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Touch Senses Added to Synthetic Skin, Robot Arm

Skin-On Interface

Skin-On Interface added to laptop touchpad and mobile devices (Marc Teyssier)

21 Oct. 2019. Computer scientists in the U.K. and France created techniques for adding a refined sense of touch to highly sensitive artificial skin and an inexpensive robotic arm. Researchers from the lab of computer science professor Anne Roudaut at University of Bristol reported these developments in two papers at the ACM User Interface Software and Technology Symposium, now underway in New Orleans.

Roudaut is part of the Bristol Interaction Group that studies interactions between humans and computers. The lab’s research includes materials and soft robotics to move the study of robotics further into systems that can change shape and respond better to environmental cues. The Bristol team, with colleagues from Telecomm ParisTech and Sorbonne University in Paris, are seeking to increase the sensitivity of artificial skin used in robotic and mobile devices. Adding more tactile sensitivity makes it possible for these devices to discriminate between different levels of pressure and interpret the purpose of the interaction.

The artificial skin, called Skin-On Interface, is made of different layers, much like human skin. Skin-On Interface has a lower-level of electrode circuits sewn together with conductive threads, covered by a textured outer surface, encased in soft silicone. The team designed the artificial skin for more sensitive interactions with robots, but also as a new form of interaction with mobile phones and wearables. Tests show Skin-On Interface can detect rubbing, twisting, pinching, and even tickling.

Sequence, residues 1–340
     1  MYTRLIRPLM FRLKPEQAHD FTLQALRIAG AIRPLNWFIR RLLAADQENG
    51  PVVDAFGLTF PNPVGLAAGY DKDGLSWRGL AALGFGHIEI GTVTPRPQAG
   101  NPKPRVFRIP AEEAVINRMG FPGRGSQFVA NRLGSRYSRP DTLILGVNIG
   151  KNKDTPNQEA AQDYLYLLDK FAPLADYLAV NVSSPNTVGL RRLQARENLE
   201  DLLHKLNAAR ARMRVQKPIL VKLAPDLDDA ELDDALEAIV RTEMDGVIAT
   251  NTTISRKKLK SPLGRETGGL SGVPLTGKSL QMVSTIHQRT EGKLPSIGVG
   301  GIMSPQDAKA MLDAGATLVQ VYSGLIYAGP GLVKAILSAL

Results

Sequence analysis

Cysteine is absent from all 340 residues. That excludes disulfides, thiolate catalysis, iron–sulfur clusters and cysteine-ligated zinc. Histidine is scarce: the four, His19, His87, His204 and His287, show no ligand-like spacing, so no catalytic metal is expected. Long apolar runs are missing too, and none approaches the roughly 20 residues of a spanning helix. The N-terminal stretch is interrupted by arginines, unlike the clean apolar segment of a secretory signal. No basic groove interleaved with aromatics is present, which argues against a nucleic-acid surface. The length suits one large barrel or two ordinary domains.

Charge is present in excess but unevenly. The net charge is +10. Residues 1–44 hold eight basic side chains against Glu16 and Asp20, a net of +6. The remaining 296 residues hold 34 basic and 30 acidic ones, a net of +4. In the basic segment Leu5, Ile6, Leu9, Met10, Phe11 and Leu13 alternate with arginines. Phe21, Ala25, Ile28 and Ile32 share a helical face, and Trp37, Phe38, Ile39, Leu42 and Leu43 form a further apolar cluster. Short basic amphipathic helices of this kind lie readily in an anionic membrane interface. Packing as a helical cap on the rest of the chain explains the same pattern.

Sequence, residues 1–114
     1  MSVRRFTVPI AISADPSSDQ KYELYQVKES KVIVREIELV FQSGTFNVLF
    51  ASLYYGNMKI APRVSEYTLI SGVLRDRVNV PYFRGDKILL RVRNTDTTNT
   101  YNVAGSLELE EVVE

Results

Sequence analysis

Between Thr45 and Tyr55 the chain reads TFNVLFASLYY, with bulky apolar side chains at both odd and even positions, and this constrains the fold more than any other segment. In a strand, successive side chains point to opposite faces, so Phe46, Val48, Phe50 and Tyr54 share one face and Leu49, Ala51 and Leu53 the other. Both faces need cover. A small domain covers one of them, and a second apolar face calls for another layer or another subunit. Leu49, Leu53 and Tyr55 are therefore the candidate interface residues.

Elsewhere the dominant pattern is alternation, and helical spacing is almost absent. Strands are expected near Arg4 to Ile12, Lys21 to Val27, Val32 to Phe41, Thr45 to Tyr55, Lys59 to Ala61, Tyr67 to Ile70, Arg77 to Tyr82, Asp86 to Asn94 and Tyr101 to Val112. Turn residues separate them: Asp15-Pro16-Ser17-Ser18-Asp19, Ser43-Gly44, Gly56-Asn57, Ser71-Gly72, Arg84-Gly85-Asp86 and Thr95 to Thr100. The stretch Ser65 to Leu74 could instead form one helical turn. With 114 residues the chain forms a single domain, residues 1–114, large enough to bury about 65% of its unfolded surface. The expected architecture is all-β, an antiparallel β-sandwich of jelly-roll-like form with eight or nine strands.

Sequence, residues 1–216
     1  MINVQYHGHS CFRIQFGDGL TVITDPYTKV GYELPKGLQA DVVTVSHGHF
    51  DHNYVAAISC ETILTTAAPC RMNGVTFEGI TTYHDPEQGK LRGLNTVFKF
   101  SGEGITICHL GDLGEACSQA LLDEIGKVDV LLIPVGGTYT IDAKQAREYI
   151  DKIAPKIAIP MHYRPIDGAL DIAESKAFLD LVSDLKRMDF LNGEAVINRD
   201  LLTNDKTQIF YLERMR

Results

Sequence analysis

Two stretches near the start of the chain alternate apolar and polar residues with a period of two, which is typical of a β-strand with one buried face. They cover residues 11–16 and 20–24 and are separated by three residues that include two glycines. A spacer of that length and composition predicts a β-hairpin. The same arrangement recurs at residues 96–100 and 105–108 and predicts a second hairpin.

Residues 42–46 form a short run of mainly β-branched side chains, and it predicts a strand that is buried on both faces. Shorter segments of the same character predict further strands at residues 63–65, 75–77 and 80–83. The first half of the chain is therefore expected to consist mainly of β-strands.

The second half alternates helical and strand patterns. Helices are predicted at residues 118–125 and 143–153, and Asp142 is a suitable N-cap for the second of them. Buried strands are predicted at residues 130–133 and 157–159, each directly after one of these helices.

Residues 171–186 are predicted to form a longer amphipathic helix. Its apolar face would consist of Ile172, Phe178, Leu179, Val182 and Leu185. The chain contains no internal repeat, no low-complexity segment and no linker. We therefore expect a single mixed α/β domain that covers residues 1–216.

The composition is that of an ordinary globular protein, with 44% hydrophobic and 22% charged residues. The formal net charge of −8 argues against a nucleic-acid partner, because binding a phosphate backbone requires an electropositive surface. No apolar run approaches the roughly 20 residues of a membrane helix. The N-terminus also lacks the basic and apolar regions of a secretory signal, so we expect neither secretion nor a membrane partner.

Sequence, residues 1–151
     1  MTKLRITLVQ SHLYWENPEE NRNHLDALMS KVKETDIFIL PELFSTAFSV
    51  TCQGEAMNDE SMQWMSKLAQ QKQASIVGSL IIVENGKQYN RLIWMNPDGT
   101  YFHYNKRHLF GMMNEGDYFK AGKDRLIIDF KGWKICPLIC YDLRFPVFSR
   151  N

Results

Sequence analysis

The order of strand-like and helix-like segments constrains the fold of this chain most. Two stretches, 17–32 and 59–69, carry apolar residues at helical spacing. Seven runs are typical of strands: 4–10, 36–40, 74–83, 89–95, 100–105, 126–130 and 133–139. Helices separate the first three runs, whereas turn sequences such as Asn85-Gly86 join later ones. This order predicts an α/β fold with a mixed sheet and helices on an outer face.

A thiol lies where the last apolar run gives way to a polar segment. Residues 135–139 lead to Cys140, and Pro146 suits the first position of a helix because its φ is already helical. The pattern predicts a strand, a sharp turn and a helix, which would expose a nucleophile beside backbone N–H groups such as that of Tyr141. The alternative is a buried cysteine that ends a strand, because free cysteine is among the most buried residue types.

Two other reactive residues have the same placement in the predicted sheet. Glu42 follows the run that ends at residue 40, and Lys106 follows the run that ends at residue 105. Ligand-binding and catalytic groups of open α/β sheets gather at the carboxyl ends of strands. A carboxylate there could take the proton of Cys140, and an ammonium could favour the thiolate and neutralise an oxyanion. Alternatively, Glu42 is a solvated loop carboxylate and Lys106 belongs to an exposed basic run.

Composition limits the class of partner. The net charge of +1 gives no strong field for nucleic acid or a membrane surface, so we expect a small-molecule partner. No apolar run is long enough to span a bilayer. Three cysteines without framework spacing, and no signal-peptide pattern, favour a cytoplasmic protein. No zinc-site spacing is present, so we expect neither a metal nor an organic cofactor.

Marc Teyssier of Telecomm ParisTech, lead author of the conference paper, says in a Bristol statement, “Artificial skin has been widely studied in the field of robotics but with a focus on safety, sensing, or cosmetic aims. This is the first research we are aware of that looks at exploiting realistic artificial skin as a new input method for augmenting devices.” This video by Teyssier, hosted on EurekAlert, demonstrates Skin-On Interface and shows how it’s made.

Roudaut and colleagues also designed a lightweight and inexpensive robotic arm for everyday use. The device, called Mantis, is not only easy to assemble, but can sense touch through haptic or force feedback, similar to touch screens on phones and computer screens. But on Mantis, the haptic feedback is interactive, so it can return changes in surface pressure enabling users to feel the shape of an object.

“Imagine a user playing a game in virtual reality with Mantis attached to their fingers,” says Roudaut in a university statement. “They could then touch and feel virtual objects, thus immersing themselves both visually and physically in an alternative dimension.” Roudat adds, “Humans already have a great sense of touch. Mantis expands on this innate ability by enabling people to touch and feel 3-D objects, adding more depth to the VR experience.”

Bristol doctoral candidate and Mantis developer Gareth Barnaby started Senmag Robotics, a spin-off company planning to take the device to market. “We will be giving out the plans to allow anyone to build a Mantis,” says Barnaby. “Because we are keen to make force feedback devices more widespread and not confined to research labs, we are also looking to produce some easy to build kits as well as pre-built versions that we will make available on the web site.”

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